Object name: NGC7778

Designation(s): NGC7778, NGC7779, NGC7780, NGC7781, NGC7782, WBL727,

This NGC group in Pisces under the Great Square of Pegasus is located about 220 million light-years distant. All but NGC 7780 are members of the WBL 727 galaxy group. All 5 are members of the USGC U860 group. That group has two other members out of my frame, one to the south the other to the northwest.

I was only trying for the WBL 727 group so the rest are just lucky to make it into the frame. Especially FGC 2548 which was also on my to-do list but I\'d not realized could be part of this image. I sometimes get lucky. It is better known as LEDA 091829. I was interested in the little red galaxy off its west ansa. Unfortunately, I can\'t find anything on it as it isn\'t in either NED or SIMBAD.

NGC 7782 is the only one large enough to show much detail. Notice how its spiral arms aren\'t connected to anything like a core. Also, it seems to have faint outer plumes regions to the north, south and east that may indicate it is still digesting another group member it ate in the past. In any case, it is very large. I get a size of 175,000 light-years including the plumes. Ignoring them it is still 115,000 light-years in size.

NGC 7778 is listed as an elliptical though one paper says it shows hints of spiral structure. NGC 7779 is a very fuzzy spiral, NGC 7781 has no detail at all and may be an S0 to my eye. It is the smallest member of the group at 55,000 light-years. NGC 7780 has some interesting spiral arms. Two may come from the core while two arcs appear to be bright extensions of these arms after they faded away. The southern one longer than the northern. It seems rather odd to me but didn\'t get a peculiar label.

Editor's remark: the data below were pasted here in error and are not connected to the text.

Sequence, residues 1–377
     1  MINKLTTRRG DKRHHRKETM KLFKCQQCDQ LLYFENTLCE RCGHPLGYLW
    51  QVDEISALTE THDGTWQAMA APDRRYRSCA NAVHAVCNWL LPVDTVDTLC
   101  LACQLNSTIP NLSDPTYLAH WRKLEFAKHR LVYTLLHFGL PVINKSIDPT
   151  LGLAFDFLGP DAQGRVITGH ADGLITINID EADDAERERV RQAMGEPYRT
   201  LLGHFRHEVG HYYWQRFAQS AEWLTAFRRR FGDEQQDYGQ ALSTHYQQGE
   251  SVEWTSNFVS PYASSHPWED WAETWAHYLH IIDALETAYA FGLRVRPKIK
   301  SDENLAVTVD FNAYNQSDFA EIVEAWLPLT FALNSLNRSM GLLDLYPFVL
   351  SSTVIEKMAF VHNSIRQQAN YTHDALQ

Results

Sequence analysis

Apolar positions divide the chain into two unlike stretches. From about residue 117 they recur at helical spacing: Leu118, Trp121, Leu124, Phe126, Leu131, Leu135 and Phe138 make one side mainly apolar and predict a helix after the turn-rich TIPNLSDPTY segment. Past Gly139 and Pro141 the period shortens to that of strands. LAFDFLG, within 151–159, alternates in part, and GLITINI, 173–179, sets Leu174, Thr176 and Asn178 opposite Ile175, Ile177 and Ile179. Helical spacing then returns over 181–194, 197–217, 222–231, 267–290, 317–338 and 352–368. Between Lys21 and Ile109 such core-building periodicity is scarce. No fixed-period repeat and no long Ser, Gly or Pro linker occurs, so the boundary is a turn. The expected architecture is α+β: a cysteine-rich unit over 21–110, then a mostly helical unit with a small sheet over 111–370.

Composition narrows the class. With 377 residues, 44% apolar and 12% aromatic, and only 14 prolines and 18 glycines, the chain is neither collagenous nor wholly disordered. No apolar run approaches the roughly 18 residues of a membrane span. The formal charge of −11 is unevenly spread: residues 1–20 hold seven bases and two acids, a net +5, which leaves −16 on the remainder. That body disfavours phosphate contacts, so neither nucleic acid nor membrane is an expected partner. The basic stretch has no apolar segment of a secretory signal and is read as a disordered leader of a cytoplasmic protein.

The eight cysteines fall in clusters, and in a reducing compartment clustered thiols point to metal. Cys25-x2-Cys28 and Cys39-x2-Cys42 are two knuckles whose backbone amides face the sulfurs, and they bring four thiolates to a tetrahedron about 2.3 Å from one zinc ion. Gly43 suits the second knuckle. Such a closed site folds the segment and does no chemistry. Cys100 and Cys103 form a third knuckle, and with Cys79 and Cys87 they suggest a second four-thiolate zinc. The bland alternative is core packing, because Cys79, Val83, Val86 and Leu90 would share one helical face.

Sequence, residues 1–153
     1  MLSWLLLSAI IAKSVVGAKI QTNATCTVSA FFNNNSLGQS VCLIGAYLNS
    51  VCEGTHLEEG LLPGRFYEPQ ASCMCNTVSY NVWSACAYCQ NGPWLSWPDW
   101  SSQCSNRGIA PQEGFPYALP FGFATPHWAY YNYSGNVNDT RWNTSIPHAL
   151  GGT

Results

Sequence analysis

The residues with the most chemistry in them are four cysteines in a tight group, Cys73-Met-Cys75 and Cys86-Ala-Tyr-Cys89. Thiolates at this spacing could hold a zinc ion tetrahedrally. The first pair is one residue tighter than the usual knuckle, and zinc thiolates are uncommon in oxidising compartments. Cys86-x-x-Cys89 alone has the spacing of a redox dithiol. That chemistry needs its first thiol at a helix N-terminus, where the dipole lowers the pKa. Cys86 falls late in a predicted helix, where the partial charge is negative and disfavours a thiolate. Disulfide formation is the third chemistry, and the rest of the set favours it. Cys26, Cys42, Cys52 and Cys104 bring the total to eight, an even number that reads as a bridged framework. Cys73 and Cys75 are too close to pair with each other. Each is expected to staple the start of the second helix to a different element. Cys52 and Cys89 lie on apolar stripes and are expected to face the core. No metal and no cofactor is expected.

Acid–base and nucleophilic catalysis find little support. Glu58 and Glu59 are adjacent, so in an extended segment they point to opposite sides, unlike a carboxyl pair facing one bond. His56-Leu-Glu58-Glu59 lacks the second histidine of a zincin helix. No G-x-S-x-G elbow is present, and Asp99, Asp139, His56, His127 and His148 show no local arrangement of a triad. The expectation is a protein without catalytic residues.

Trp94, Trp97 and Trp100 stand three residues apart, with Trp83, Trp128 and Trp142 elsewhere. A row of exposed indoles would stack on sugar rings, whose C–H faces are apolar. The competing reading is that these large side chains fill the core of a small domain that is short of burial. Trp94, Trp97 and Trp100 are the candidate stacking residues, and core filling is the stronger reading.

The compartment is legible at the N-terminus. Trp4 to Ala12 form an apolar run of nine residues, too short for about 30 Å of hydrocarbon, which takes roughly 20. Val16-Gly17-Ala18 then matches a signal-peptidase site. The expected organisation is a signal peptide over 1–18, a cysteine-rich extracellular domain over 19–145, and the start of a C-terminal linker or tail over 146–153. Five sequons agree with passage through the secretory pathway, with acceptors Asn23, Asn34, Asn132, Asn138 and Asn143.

NGC 7778, NGC 7779 and NGC 7782 were discovered by William Herschel on November 12, 1784.
NGC 7780 was found by Édouard Stephan on October 18, 1881. NGC 7781 was discovered by John Herschel on August 16, 1830.

There are a couple of distant galaxy clusters in the image. Neither have a cD galaxy so I\'ve drawn a line to the center position which is rather vague in NED. One has an estimated distance, how that was estimated I have no idea as NED doesn\'t say. The Zwicky cluster has no distance at all. It is quite large and may include the other cluster. Data on both is too vague to even hazard a guess. Another galaxy I hoped to find something on is the blue smudge of a low surface brightness galaxy southeast of NGC 7779. NED shows it only as an Ultraviolet Source found by the GALEX UV satellite. Apparently, nothing else has even noticed it.

This field is near the Zone of Avoidance so poorly studied. I was surprised I found as much as I didn\'t. Normally I don\'t include names that are just coordinates, just listing them as G for galaxy, Q for quasar GC for galaxy cluster etc. This is because their labels get huge and often overlap. This field had no such issue and with little else, I broke my rule and included such identifications even when no redshift data was available. Don\'t expect to see this very often.

NGC 7778, NGC 7779 and NGC 7782 were discovered by William Herschel on November 12, 1784. NGC 7780 was discovered by Édouard Stephan on October 1881 and NGC 7781 was discovered by John Herschel on August 16, 1830.

14\" LX200R @ f/10, L=4x10\' RGB=2x10\' STL-11000XM, Paramount ME